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MEEKS DOESN'T SHY AWAY AFTER POOR OUTING

Canisius junior Micheal Meeks knew there was no denying the numbers. So the all-Metro Atlantic Athletic Conference center stood tall after the worst big-game outing of his career.

"I had three points tonight. We lost by 11 (actually 12) and I'm averaging 16," Meeks said after the Griffs' 71-59 NIT semifinal loss to Virginia Tech in Madison Square Garden. "So you can do the math."

Meeks had scored 67 points in the Griffs' previous three NIT games and was averaging a team-high 16.6 points per game.

But he missed his first 11 shots from the field and didn't hit a basket until making a layup with 3:16 to go.

"I was just concentrating so much on getting it in the bucket instead of just shooting it," the 6-foot-8 Meeks said. "I never got into the flow."

The Hokies bothered Meeks early by collapsing to form double- and triple-teams in the low post.

He responded by firing up off-balance prayers from the pivot.

He found life equally difficult on the perimeter, as the Hokies wouldn't allow him the open jumpers with which he had burned previous opponents.

"I just couldn't get it going. I wasn't in rhythm all night and I was taking a lot of off-balance shots," Meeks said. "I give a lot of credit to V-Tech's defense. Those guys did a great job double- and triple-teaming me down in the block."

"Even the open shots I got I was still kind of rushing them. A couple went in and out and that kind of got to me."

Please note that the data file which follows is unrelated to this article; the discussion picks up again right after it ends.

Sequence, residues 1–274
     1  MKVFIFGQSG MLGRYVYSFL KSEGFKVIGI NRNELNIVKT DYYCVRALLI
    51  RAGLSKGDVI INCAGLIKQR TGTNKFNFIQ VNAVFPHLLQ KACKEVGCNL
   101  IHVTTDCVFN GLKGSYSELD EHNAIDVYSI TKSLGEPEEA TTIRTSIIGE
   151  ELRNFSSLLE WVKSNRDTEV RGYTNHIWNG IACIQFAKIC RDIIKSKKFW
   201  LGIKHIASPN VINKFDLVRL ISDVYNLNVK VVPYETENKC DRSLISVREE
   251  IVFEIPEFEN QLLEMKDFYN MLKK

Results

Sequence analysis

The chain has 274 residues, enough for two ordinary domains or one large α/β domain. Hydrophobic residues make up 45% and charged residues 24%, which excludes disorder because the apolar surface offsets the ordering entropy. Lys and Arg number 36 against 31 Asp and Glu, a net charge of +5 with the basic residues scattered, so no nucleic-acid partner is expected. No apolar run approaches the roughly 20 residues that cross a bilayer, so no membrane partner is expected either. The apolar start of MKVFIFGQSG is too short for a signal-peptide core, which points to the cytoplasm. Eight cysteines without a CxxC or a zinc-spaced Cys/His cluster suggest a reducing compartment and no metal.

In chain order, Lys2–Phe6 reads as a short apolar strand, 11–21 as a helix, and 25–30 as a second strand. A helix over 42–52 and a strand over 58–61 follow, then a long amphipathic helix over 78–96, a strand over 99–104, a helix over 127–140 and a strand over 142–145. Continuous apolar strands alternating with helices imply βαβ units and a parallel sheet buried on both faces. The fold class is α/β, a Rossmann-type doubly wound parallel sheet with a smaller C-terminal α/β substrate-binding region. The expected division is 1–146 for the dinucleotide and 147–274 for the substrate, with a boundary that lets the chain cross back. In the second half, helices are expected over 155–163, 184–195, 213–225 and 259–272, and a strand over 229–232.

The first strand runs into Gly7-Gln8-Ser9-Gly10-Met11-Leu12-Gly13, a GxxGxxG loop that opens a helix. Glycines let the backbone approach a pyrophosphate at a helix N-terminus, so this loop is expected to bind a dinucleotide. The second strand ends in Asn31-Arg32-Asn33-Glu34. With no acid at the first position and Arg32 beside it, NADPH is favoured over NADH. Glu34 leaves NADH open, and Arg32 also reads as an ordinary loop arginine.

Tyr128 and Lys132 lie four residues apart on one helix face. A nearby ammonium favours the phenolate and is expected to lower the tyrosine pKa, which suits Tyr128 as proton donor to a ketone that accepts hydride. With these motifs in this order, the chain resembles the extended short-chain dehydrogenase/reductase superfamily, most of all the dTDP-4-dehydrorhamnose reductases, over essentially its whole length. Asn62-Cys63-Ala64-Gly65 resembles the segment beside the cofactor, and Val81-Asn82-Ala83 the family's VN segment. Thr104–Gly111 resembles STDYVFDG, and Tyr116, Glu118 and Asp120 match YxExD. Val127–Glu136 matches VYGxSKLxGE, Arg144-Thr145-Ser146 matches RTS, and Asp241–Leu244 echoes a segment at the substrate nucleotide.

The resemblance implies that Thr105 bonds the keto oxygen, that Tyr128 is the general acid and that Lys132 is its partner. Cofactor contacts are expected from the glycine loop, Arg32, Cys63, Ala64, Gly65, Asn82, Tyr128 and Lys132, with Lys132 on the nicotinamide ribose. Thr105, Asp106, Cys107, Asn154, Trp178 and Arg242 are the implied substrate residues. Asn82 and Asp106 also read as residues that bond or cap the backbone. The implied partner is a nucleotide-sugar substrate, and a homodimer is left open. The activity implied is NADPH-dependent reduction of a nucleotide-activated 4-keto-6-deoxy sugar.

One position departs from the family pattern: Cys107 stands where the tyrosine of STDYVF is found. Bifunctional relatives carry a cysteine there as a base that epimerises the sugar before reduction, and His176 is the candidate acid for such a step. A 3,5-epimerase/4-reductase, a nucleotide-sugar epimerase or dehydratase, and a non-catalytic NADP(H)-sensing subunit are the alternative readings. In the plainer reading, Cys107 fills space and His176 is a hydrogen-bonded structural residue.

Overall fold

Meeks had one two-point game this year, the 84-58 loss Feb. 19 at Iona.

But he was limited then by thigh and shoulder injuries.

"It's frustrating, but it's something I have to learn from," he said. "They did a great job against me and you have to give them credit."

The Griffs' 5-for-25 showing from three-point range marked the 11th time this season they have hit less than 25 percent of their shots from beyond the arc.

They were under 25 percent from long distance just three times last year, when they hit 36.7 percent. This season's figure is just 30.3 percent.

The Griffs did much of their Garden-gawking during their game-day workout, which began at 11 a.m. Brooklyn natives Javone Moore and Fred Dupree mugged for pictures on the New York Knicks logo at center court and the coaching staff took some shots while the players were getting dressed.

Even John Maddock, the school's assistant athletic director and media relations liaison, wasn't immune.

"I've got to make one shot at the Garden," Maddock said, grabbing a basketball off a nearby rack. "I better do it now because it might take me an hour."

It only took Maddock a second. His first shot swished through the net and he walked off the court quickly. "One for one. I'm out of here," he said. "I shot 1.000 in the Garden."

Canisius walk-on John Gorman, who hosted a segment on coach John Beilein's Empire Sports Network show, took time after practice to mug for cameras with ESPN analyst Bill Raftery.

At one point, Gorman was even handed a microphone to do a mock interview.

"It's something I've wanted to do the last three years at the MAAC final in Albany, but we didn't make it," Gorman said after the game. "We lost tonight, but at least the night was worth it for that reason. He was a great guy."

As it has for all games in the tournament, Virginia Tech took the floor for warm-ups wearing Atlantic 10 T-shirts.

The Hokies will become an A-10 neighbor of St. Bonaventure next season. . . . The circus is still in New York and its aroma was ever-present in the arena. "You've got to love the Garden," said one ESPN staffer. "It always smells like an elephant." . . . Faces in the crowd: Fordham coach Nick Macarchuk, the Griffs' boss from 1977-87, was in a courtside seat near the Canisius bench. So was Canisius grad Gene Jankowski, former president of CBS.

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